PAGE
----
The social climate during the early 1980s was not receptive to a queer or feminist position, and hence The Hunger registers in the collective consciousness as an indictment of both; in this film both queerness and female sexual agency are paradoxically touted and condemned. John suffers and “dies” horribly, vividly depicted as a rapidly aging queer man who is horrified as his youthful appearance evaporates; his wild nightlife at the clubs and in the steam bath with his lovers are a thing of the past. He doesn’t just die, he lingers and has to slowly realize that this disease is the “gift” of his trusted lover, who does not likewise suffer and die; John gets to see Miriam’s ever-young and beautiful face looking into his own as he ages into complete decrepitude. This motif of the glamorous and healthy lover tending a sick and emaciated loved one is repeated when Sarah is taken with the horrific blood disease; thus when Miriam’s dead lovers return to wreak vengeance upon her, nobody feels any pity as she falls to her final demise.

 

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In the final scene Sarah is seen exercising a commanding gaze from her high tower balcony, flanked by attractive young companions, all dressed in white; though she survives to reign as queen of the undead, her victory is a hollow one. Sarah is punished as a permanent exile from the world of the living; she cannot ever go home again, is forever an outsider, and must abide by the dominant social paradigms of the living, hiding from a society that would destroy her if she revealed herself. Her position is not unlike that of many lesbians and radical feminists in the 1980s, she lives “off the grid” in a world of her own creation, because there is no place for her in the culture from which she came; she can only exist as a renegade, a shadowy outcast who resides in a twilight world.

 

Some women have argued for a female spectator position that identifies positively with Miriam or Sarah, prompting Harry Benshoff to query, “What does it mean if lesbians identify with the beautiful female vampires of The Hunger . . . In what ways does this happen and what is the ‘price paid’ in culture-ate-large for yet another depiction of monstrous predatory homosexuals” (Benshoff, 13)? The ambiguous dénouement leaves Sarah’s future vague; the audience can ignore the seeming conclusion that the queer feminist vampires have been duly punished. The spectre of AIDs and the ghosts of feminism and homosexuality are firmly locked out of the cultural dialogue, and society settles in for a decade or more of backlash against women and queers alike; not until the 1990s will positive narratives and discourses about women and queers begin to gain any ground. Until then, a series of horror and suspense films will depict an assortment of murderous and monstrous female and queer others in order to reaffirm the heteronormative mandate in society, leaving a legacy of hateful and misleading images in their wake.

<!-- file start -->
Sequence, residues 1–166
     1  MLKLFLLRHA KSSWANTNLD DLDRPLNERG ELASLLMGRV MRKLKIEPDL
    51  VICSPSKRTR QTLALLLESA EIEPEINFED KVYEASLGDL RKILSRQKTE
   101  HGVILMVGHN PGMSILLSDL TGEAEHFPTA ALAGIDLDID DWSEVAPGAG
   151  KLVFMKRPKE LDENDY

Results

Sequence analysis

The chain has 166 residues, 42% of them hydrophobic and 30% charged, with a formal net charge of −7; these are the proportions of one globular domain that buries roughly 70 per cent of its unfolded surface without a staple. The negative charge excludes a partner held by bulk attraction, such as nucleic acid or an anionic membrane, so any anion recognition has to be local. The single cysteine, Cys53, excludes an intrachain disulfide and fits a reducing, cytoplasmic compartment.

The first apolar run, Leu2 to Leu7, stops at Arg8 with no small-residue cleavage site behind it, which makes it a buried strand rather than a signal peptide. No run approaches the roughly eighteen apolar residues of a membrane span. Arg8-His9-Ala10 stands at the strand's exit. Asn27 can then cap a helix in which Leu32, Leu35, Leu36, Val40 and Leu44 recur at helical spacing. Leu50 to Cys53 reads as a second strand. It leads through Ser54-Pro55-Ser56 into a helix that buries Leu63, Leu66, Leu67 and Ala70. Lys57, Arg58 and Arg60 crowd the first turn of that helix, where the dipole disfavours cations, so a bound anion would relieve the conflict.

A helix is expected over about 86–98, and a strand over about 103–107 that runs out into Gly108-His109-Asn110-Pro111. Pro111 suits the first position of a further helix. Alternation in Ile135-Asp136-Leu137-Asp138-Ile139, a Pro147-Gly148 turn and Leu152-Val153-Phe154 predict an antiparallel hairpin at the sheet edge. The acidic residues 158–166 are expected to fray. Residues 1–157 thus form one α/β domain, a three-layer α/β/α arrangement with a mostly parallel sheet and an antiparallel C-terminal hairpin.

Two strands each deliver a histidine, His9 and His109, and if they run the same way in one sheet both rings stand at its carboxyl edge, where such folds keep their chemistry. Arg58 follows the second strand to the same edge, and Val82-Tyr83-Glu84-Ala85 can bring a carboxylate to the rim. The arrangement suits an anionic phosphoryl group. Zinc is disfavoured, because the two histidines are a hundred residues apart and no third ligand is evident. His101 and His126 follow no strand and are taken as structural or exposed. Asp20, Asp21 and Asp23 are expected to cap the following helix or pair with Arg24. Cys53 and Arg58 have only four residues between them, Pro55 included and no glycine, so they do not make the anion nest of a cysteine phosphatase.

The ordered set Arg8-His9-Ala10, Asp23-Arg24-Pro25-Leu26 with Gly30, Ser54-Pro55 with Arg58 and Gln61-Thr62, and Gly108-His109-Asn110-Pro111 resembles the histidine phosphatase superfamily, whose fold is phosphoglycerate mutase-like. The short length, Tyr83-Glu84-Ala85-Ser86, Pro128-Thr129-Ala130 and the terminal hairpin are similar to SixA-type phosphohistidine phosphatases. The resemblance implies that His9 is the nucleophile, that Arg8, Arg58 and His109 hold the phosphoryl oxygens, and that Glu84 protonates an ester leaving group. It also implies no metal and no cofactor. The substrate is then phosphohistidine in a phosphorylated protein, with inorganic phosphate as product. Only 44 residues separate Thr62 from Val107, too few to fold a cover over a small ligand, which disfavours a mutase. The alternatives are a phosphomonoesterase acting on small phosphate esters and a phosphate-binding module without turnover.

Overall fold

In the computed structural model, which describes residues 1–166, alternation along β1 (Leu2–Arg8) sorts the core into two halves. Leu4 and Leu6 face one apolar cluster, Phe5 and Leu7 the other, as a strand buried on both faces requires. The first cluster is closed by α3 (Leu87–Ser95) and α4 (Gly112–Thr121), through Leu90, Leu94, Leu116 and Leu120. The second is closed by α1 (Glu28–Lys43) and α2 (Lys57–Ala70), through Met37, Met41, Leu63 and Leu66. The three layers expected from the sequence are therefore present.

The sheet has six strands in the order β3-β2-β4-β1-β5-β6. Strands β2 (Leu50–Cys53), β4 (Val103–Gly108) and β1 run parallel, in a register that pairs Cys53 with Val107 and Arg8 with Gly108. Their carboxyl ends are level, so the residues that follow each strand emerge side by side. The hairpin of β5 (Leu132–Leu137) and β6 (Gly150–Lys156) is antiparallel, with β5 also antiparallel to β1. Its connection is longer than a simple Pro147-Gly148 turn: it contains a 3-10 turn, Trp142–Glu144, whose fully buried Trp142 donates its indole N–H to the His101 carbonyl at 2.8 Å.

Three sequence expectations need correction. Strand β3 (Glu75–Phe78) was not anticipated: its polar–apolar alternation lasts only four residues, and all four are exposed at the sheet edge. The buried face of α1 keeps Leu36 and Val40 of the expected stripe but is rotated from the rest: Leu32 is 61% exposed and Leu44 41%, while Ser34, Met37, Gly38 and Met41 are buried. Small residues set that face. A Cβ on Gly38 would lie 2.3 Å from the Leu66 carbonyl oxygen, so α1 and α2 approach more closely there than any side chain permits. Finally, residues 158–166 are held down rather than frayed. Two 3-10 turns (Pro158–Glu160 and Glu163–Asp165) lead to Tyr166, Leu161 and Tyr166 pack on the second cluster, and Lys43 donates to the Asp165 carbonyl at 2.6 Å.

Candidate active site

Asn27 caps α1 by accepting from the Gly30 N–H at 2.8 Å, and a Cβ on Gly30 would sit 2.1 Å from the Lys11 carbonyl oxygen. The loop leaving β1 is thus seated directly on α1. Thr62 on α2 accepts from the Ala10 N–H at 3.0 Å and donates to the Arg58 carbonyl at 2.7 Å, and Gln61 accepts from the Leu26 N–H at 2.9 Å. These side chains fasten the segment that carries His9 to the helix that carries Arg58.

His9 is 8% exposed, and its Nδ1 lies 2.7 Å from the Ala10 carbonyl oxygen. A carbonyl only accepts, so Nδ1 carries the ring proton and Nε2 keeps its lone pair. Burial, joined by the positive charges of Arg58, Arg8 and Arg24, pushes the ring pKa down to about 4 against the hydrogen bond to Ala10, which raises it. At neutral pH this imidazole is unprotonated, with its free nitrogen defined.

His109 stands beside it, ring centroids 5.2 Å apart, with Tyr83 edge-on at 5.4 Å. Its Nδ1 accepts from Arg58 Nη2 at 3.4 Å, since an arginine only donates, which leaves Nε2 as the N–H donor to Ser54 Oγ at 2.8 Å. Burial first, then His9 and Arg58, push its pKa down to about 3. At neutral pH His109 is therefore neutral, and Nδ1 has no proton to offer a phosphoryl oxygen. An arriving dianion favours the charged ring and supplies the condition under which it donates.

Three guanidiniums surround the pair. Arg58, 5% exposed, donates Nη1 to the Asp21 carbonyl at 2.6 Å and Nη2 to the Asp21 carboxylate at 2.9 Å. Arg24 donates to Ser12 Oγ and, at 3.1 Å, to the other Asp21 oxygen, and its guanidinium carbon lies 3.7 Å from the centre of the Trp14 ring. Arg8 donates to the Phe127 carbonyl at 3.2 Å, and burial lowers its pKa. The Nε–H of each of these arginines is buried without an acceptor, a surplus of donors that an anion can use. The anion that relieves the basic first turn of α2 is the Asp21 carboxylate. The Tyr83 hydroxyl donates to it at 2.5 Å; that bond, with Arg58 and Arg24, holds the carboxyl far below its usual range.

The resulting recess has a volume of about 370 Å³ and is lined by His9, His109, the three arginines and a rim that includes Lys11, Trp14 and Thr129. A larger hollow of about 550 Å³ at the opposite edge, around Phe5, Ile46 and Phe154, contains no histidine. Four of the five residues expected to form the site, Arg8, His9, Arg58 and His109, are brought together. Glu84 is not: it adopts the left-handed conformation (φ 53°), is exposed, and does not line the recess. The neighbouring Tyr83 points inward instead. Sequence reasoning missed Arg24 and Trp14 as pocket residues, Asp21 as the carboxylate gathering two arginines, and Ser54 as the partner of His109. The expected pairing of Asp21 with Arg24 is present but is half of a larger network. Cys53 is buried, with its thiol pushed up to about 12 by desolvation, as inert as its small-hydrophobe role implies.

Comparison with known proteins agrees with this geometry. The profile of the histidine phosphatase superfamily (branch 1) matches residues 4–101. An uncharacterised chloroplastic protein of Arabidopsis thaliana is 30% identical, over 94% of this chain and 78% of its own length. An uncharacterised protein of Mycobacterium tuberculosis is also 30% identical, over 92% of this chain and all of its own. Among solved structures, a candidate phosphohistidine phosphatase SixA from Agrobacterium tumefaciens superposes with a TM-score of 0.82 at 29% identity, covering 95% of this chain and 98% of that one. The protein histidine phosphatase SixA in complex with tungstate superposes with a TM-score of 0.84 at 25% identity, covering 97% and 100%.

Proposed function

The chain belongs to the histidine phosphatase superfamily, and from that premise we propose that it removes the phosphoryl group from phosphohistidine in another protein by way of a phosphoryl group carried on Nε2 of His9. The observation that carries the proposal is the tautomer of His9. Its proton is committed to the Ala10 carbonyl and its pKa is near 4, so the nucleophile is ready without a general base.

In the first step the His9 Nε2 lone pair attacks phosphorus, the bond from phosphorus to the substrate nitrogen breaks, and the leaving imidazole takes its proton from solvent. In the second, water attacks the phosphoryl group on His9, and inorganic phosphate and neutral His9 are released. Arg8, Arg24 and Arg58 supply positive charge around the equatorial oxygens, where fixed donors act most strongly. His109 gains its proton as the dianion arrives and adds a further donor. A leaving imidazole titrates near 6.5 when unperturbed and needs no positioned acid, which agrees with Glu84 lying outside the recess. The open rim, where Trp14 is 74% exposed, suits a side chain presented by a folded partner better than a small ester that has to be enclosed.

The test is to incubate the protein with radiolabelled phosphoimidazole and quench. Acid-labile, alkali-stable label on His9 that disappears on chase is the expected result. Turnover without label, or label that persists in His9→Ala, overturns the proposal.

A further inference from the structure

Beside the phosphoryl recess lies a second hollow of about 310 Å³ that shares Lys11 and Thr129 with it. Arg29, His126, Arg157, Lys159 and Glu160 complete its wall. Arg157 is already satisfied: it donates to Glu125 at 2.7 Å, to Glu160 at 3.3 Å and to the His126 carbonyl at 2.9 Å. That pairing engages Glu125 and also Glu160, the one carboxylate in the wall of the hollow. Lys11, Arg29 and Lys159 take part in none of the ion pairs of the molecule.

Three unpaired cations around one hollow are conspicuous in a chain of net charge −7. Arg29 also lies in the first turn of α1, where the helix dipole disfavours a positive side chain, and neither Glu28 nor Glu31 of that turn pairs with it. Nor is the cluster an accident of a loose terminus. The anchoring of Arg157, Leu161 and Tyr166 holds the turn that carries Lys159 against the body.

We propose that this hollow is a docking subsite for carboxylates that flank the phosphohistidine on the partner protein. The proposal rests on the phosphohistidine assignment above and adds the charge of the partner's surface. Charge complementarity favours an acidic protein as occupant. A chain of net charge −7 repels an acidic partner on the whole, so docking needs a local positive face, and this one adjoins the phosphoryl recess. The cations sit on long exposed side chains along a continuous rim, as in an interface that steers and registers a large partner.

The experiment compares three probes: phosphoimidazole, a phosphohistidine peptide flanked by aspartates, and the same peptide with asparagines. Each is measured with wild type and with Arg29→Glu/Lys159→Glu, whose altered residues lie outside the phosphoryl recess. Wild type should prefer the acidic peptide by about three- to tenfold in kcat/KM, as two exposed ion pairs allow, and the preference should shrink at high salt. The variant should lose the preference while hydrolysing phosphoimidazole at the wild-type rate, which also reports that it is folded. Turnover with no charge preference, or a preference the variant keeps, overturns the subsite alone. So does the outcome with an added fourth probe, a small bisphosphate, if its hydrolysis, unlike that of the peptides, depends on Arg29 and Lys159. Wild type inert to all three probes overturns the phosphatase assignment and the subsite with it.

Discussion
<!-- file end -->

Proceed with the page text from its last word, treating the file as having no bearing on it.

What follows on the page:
Bibliography

 

Benshoff, Harry M. Monsters in the Closet: Homosexuality and the Horror Film. New York:

Manchester University Press, 1997.

 

Creed, Barbara. The Monstrous Feminine: Film, Feminism, Psychoanalysis. New York:

Routeledge, 1993.

 

Jenks, Carol. “Daughters of Darkness: A Lesbian Vampire Art Film”, in Necronomicon: Book One,

London: Creation Books, 1996.

 

Mulvey, Laura. “Visual Pleasure and Narrative Cinema”, in Movies and Methods, II, Bill Nichols,

ed. Berkeley and Los Angeles: University of California Press, 1985. Originally Published - Screen 16.3 Autumn 1975 pp. 6-18

text c. 2007 - Deborah Michel